So Glastonbury is here again, Dear Reader, and with it comes the inevitable arguments over who ‘deserves’ to headline and who doesn’t. The consensus from boring people seems to be that The Cure and The Killers have ‘earned’ their headline status by having existed forever and featuring at least one guitar each, while Stormzy shouldn’t be headlining because he’s only one album in and has the sheer audacity to not be a collection of white men.
But here at Dork, we don’t believe in boring. One of the most vital and exciting acts in the UK headlining its biggest festival is undeniably a good thing; the fact that he hasn’t been around for 6 million years or written a song your dad used to listen to in the car on the way to school is a vote in his favour as far as we’re concerned.
And anybody claiming he isn’t a big enough deal? Don’t be daft. His debut album ‘Gang Signs and Prayer’ was grime’s first ever Number 1 album and got more UK streams in a week than Drake’s ‘Views’, which is mind-boggling for a bloke in his early twenties from Croydon. Even before the debut Stormzy had marked himself out as something special, he broke the Top Ten with ‘Shut Up’, and that was just a freestyle he recorded in a car park.
It isn’t just musical success that makes Stormzy special, though. #Merky Books, his imprint with Penguin, has already released Rise Up, a part-biography, part business guide and part self-help book. But his next aim is to make #Merky Books the home for “a new generation of readers, and a new generation of writers.” To do this, he’s set up a New Writers’ Prize which will give one writer a publishing contract and representation, giving a voice to someone starting out.
This spirit of giving doesn’t stop there, he’s also announced plans to fund two scholarships for black British students to go to Cambridge University, paying their tuition fees and living costs. Initiatives like these, coupled with coming across as a normal bloke on chat shows like Jonathan Ross mean the man isn’t just at the top of the game musically, he’s become an established figure in the mainstream UK media in a way that most massive acts never manage.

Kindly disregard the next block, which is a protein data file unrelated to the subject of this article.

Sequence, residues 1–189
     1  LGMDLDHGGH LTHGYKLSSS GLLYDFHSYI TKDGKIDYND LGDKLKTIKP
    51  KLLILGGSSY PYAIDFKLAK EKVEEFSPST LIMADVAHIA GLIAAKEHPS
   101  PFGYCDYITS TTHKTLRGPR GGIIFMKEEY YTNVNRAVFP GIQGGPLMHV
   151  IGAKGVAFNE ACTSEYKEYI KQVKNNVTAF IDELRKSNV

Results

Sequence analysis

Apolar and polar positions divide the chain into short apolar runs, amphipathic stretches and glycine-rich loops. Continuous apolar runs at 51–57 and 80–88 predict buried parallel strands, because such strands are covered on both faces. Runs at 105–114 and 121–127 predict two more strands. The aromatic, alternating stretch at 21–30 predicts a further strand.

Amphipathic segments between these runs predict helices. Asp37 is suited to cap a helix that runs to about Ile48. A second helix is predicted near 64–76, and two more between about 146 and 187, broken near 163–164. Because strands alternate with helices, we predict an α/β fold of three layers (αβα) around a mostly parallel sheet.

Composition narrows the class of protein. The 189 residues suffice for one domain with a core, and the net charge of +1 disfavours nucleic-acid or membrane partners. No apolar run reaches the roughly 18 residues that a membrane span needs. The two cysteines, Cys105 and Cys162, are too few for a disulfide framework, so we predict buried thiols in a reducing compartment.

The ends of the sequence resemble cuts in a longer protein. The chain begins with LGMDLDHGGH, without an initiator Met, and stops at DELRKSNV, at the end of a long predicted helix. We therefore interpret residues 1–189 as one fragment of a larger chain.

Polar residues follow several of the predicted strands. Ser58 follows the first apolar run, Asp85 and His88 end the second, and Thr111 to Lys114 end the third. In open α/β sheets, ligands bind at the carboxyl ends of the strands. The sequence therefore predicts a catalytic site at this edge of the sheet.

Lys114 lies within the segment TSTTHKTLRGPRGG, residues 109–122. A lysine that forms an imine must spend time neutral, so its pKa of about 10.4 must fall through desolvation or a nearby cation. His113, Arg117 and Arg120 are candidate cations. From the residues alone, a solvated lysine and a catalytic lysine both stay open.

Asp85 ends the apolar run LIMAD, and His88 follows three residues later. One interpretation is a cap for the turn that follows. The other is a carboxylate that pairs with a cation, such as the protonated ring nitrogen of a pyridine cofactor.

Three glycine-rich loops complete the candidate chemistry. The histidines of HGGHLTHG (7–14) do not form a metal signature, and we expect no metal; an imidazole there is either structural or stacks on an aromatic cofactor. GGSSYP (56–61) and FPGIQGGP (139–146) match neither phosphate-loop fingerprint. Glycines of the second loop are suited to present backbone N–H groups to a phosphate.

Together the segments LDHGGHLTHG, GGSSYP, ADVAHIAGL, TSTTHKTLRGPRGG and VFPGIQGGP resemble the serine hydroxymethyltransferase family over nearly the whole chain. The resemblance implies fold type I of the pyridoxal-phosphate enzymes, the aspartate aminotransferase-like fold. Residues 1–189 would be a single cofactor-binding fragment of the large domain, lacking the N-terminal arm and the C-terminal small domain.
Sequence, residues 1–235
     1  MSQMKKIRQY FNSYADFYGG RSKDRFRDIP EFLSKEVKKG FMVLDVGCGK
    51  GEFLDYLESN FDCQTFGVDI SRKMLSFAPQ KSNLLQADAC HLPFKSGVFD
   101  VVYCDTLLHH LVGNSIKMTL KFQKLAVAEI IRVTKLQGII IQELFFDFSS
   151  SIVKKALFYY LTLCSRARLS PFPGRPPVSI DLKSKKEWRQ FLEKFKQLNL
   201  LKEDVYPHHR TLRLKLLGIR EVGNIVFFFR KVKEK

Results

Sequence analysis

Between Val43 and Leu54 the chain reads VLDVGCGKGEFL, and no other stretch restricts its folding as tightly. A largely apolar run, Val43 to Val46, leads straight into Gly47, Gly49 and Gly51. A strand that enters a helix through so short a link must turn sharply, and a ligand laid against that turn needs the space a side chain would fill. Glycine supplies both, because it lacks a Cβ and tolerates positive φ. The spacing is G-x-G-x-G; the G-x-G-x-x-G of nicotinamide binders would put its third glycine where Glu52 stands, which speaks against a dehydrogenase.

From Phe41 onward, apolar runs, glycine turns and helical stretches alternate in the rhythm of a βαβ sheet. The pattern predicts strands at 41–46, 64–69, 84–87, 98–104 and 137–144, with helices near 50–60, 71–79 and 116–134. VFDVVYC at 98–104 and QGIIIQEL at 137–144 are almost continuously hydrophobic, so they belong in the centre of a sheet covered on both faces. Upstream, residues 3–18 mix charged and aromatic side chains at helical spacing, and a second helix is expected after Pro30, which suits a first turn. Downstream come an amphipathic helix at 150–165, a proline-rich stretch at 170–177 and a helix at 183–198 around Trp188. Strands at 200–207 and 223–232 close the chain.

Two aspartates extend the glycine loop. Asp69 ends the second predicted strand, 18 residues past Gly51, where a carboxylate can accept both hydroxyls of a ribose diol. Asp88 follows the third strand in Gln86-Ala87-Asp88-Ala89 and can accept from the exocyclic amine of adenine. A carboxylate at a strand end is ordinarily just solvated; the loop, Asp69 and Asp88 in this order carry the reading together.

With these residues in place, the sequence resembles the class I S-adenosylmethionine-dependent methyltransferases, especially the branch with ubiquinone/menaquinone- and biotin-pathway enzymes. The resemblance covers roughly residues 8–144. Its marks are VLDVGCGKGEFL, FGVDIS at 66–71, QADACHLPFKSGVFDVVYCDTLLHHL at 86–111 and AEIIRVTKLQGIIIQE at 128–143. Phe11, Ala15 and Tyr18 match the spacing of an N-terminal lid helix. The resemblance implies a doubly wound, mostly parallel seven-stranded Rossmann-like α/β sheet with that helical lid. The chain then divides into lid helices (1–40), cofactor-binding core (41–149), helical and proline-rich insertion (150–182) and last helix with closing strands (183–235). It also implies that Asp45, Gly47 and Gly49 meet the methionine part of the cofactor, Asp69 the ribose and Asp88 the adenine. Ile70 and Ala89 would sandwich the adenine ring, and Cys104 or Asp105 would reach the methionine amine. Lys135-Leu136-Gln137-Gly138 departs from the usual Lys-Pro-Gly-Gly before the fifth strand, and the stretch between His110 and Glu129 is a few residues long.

If all of this hasn’t convinced you, we’re probably wasting our time, but consider this: Stormzy isn’t just one of the headliners at Glasto, he was the first act announced for the entire festival. That kind of thing doesn’t happen by accident; it happens when the organisers know they’ve got one of the most exciting, culturally relevant and explosive performers in the UK music scene and want to shout about it. Sure, The Cure and The Killers have been around longer, but they haven’t truly strayed into the mainstream in years.
So he’s big enough to headline, we’ve got that sorted. But what we haven’t talked about yet is that his set will be the best headline performance of the whole weekend. Tracks like ‘Shut Up’ and ‘Cold’ will get the crowd going, sure, but it’s going to be when he breaks out his softer side that it’ll really feel special. Glastonbury is all about moments, and while ‘Mr. Brightside’ will probably be the biggest singalong of the festival, tracks like ‘Blinded by Your Grace Pt. 2’ will be responsible for the most hugs, tears and lighters in the air.
When Boy Better Know headlined the Other Stage in 2017, it was the most talked about set of the weekend – grime had come of age. Now Stormzy’s been passed the torch and is headlining the whole bloody festival. It’s been 17 years since the first grime tracks started poking their heads out of London’s estates, which is almost as long as The Killers have been bashing out arena-rock bangers. It isn’t just a triumph for Stormzy; it’s a triumph for a whole genre.
The Killers will be great, and the Cure will undeniably put on a good show (when they finally get through the 300 B-sides and deep cuts and decide to play ‘Boys Don’t Cry’), but neither of them are new or exciting. Anyone who has wanted to see them headline a festival could have done so in 2009, whereas this is Stormzy’s first time in the spotlight. He headlined Wireless last year and smashed it out of the park; he turned the Brit Awards into a political statement that people were talking about for weeks – you think he won’t win Glastonbury over?